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Osaka grows branding empire

Farzanah Farveen

By Editorial Team

Naomi Osaka’s branding junket continues as she secures major Japanese endorsement deals spanning from automotive to skin care. The US Open title win has unlocked multiple opportunities keeping agents and lawyers busy well into the holiday season. Naomi has secured standard on-court sponsorship from Adidas and Yonex, but with her Asian background she is able to tap into a huge consumer market filled with big pockets willing to make her the face of many products.

Her existing off-court deals with Nissan (car manufacturer), Nissin Food Groups, Citizen (luxury watch brand) and Wowow (Japanese cable broadcaster) were recently topped this month by Japanese personal care company – Shiseido. Shiseido made Naomi their brand ambassador for an undisclosed amount over the next three years.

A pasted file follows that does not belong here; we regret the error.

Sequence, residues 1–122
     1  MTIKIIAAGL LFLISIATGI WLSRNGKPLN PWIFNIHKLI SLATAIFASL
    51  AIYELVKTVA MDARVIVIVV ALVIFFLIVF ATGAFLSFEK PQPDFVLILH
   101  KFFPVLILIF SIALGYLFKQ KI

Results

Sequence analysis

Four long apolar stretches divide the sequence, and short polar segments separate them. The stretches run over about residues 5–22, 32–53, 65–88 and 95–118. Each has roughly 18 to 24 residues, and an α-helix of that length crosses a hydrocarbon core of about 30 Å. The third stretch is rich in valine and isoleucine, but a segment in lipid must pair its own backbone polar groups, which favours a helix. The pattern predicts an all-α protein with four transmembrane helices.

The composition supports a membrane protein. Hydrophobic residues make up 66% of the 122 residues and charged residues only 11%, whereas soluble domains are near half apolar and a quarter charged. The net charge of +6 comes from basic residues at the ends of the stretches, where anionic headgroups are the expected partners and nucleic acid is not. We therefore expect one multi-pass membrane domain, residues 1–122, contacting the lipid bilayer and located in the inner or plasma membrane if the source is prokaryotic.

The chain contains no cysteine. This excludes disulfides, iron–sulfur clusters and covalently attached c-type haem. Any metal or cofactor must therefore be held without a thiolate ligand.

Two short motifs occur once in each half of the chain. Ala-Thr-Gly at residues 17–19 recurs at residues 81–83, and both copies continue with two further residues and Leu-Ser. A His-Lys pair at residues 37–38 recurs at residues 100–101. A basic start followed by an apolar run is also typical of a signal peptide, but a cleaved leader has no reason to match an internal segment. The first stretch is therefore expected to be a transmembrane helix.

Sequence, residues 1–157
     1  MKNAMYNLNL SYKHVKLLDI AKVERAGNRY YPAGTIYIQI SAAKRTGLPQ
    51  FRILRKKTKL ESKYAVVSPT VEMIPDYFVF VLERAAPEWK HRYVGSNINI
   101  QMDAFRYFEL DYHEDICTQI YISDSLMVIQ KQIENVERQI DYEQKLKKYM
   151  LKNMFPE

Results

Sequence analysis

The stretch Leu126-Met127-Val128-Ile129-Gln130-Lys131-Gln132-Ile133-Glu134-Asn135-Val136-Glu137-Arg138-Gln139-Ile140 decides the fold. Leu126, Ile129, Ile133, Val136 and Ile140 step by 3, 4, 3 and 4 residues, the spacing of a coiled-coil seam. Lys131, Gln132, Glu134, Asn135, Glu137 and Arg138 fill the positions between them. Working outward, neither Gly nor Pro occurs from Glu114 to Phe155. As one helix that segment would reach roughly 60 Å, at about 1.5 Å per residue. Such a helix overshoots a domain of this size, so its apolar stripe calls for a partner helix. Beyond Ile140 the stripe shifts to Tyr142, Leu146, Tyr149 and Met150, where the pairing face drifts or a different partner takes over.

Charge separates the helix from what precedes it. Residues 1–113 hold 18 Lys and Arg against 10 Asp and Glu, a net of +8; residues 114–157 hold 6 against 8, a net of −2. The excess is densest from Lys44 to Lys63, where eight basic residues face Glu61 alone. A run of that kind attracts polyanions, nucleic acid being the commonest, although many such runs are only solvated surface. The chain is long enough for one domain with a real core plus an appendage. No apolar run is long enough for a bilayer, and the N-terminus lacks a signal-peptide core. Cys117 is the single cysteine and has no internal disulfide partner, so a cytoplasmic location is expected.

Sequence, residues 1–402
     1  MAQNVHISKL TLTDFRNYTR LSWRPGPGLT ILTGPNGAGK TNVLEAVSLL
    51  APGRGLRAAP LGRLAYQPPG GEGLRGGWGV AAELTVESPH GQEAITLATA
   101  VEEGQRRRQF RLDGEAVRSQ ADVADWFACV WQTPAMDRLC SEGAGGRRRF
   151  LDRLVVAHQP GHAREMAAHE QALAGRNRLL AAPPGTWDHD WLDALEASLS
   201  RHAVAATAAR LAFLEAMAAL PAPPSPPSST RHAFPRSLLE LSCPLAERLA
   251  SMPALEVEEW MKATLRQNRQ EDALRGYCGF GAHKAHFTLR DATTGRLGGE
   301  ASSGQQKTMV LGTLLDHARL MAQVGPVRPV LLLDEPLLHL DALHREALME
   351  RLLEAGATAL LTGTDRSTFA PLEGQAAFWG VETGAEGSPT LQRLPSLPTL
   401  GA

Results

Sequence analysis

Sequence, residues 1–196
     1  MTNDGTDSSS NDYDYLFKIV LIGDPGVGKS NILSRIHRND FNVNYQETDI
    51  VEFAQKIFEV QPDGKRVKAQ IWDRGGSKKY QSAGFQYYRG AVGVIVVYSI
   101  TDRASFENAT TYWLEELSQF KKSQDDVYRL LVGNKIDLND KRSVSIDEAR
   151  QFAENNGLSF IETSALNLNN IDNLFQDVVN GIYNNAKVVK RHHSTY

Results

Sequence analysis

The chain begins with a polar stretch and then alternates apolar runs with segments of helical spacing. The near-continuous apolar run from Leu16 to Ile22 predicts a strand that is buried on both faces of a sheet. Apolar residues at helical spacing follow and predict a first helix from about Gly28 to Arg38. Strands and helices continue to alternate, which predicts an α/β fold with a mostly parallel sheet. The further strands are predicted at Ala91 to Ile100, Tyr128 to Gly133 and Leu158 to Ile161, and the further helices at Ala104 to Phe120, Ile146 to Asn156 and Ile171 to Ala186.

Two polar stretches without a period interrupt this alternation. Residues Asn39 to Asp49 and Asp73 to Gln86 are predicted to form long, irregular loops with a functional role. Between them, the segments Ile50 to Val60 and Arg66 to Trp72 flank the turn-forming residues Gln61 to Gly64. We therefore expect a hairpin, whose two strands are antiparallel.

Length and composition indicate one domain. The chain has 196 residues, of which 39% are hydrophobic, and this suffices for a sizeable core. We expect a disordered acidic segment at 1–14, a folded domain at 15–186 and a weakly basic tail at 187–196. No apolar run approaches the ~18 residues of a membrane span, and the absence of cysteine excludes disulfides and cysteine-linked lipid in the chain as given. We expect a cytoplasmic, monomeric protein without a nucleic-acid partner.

“Shiseido never stops innovating and changing to best support the lives of consumers worldwide through beauty. With our ever-stronger foundations and upgraded global structure, such as Osaka, we are always striving to improve ourselves. We are never satisfied, always challenging the status quo. As Osaka gives her best, we too are taking on various new initiatives, challenging the world and reaching for new heights,” the brand said in a release.

Earlier in March 2018, Shiseido launched a new three-year plan that will see the company implementing new strategies to accelerate growth and be among the top three companies in the global prestige cosmetics market, while maintaining its presence in Asia Pacific and Japan. The three year-plan is the second phase of its six-year medium-to-long term strategy titled “VISION 2020” developed in 2014.

It can be expected that more global brands within the US could make investments in Naomi’s international appeal, but she must continue her rise to the top by wining more titles and keeping the spotlight on her tennis talent.


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Donald Young launches watch brand ahead of US Open

By Editorial Team